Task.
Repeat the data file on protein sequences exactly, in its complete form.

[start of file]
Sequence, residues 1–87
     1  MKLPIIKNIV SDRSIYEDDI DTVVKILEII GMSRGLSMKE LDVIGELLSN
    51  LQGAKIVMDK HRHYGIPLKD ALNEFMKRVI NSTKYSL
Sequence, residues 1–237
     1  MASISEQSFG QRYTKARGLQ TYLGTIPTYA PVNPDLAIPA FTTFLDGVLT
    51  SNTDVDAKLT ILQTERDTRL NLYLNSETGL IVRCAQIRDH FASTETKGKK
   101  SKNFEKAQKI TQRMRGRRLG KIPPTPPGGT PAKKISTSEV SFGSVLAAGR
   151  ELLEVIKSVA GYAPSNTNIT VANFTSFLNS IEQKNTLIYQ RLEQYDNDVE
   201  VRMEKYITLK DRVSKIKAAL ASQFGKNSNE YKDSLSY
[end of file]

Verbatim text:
Sequence, residues 1–87
     1  MKLPIIKNIV SDRSIYEDDI DTVVKILEII GMSRGLSMKE LDVIGELLSN
    51  LQGAKIVMDK HRHYGIPLKD ALNEFMKRVI NSTKYSL
Sequence, residues 1–237
     1  MASISEQSFG QRYTKARGLQ TYLGTIPTYA PVNPDLAIPA FTTFLDGVLT
    51  SNTDVDAKLT ILQTERDTRL NLYLNSETGL IVRCAQIRDH FASTETKGKK
   101  SKNFEKAQKI TQRMRGRRLG KIPPTPPGGT PAKKISTSEV SFGSVLAAGR
   151  ELLEVIKSVA GYAPSNTNIT VANFTSFLNS IEQKNTLIYQ RLEQYDNDVE
   201  VRMEKYITLK DRVSKIKAAL ASQFGKNSNE YKDSLSY